We have started a fundraising campaign to go directly to communities affected by the flooding. You can donate HERE. During times of natural disaster, direct donations can have the most impact because the money is going directly towards supplies for victims to start rebuilding their lives like food, water and medicine.
In the hills, high above the city center of Lima, Peru, sits the community of Nadine. One of Lima’s Pueblos Jovenes, or young towns, people began to settle in the area in 2012 and now there is an estimated 350 families living there.
Lima is surrounded by informal communities, like Nadine, without land titles and thus without recognition from the government and legal access to public electricity and water. However, Nadine sticks out as a dramatic example of the city’s stark divide between rich and poor because it sits along what has been dubbed the “Wall of Shame”.
The wall was built about 30 years ago by those living below in the wealthier area of Santiago de Surco to divide themselves and their poorer neighbors. The wall has been covered by Peruvian media as well as internationally. The dramatic view from the top works as an all too provocative visual metaphor to the divide between the rich and poor of Lima.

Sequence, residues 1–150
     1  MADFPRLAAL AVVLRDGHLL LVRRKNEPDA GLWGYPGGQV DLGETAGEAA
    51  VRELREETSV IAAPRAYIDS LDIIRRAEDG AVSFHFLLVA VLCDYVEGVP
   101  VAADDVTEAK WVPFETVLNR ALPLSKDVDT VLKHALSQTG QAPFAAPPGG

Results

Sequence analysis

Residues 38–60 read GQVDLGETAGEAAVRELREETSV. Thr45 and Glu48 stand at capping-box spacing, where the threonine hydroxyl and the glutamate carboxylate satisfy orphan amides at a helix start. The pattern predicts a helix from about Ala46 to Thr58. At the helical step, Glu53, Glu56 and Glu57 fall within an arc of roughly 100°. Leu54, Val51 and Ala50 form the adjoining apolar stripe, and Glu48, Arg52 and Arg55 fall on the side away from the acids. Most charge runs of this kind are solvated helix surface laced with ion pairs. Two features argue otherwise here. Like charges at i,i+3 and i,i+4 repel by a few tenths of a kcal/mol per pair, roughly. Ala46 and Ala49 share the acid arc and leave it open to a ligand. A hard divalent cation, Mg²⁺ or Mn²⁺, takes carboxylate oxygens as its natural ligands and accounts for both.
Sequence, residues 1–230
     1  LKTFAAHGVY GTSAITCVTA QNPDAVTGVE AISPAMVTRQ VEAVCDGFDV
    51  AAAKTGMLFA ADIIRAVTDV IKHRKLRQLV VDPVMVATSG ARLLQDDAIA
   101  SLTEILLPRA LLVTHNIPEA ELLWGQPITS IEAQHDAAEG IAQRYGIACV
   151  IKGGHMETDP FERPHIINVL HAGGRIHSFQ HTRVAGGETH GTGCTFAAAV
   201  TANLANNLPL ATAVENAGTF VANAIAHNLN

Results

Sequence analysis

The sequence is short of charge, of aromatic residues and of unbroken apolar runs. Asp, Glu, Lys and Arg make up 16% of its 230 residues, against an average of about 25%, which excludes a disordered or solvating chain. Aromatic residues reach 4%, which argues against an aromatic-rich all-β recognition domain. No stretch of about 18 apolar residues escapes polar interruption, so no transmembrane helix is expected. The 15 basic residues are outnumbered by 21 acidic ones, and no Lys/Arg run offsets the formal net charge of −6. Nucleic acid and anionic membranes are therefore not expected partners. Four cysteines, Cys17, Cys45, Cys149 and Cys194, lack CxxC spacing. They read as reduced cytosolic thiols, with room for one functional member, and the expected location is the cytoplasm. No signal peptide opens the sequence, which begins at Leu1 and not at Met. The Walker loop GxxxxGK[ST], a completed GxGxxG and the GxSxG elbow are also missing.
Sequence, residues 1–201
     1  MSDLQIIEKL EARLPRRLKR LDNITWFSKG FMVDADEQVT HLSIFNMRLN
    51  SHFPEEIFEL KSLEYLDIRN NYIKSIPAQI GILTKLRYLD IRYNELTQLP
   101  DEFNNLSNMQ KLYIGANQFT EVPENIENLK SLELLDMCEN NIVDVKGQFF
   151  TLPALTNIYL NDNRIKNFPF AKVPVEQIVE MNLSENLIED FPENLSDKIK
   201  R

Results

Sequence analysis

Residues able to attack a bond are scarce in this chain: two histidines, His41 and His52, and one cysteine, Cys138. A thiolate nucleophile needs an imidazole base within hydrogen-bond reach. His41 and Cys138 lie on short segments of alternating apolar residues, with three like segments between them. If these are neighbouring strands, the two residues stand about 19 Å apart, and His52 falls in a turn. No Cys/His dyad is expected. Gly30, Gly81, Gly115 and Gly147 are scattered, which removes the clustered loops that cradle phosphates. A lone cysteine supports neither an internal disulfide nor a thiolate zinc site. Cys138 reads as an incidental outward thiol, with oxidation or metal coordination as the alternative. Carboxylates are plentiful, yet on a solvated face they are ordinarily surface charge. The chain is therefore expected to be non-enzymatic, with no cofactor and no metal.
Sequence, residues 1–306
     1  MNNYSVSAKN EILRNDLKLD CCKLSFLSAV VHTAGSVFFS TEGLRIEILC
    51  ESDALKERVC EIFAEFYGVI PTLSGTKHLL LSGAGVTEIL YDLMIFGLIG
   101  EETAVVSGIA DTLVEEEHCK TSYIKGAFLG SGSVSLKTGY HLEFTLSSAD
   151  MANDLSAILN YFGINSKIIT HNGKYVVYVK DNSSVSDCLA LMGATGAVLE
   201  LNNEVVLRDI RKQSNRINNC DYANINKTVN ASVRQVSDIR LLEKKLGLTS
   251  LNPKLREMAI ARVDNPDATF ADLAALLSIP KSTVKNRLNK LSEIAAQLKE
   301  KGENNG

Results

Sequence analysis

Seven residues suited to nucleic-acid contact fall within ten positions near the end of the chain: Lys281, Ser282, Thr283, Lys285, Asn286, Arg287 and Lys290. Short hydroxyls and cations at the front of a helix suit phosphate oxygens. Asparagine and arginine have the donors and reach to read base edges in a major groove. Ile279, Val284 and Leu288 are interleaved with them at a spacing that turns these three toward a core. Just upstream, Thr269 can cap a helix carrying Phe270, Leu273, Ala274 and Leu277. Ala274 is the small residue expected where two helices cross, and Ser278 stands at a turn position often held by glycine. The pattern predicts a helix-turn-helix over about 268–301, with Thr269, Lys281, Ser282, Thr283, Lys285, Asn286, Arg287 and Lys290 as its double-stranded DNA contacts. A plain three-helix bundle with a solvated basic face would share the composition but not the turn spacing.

Living up in Nadine means no access access to a public water supply. Fabiolo Rosales Bartolo, a resident who has lived in Nadine for 3 years says she pays around 200 soles, about $60 USD, a month for water for her family.
“We pay much more for water than people that live on the other side,” Bartolo said. “I have a baby and it lasts for a week, because I have to wash clothes, I have to cook.”
Oxfam estimates that those living without access to SEDPAL, Lima’s public water supply, pay up to 10 times as those with access, a case where it truly is expensive to be poor.
Life for residents in Nadine and communities like it reflects the informality of the town itself. Houses spring up on land not formally owned by those who live there. Water deliveries can be infrequent and unpredictable. Most residents make their money in an informal economy by selling goods and services on the streets.
In Nadine, this life is all lived with a view of the paved, tree lined streets of Lima’s wealthier districts. However, from below, you can only see a wall.
“Here we can to look at the other side to a comfortable life,” Bartolo said. “There is a big difference between the rich and the poor. The wall separates us from the people that have. More than anything it shows you the reality of our country,”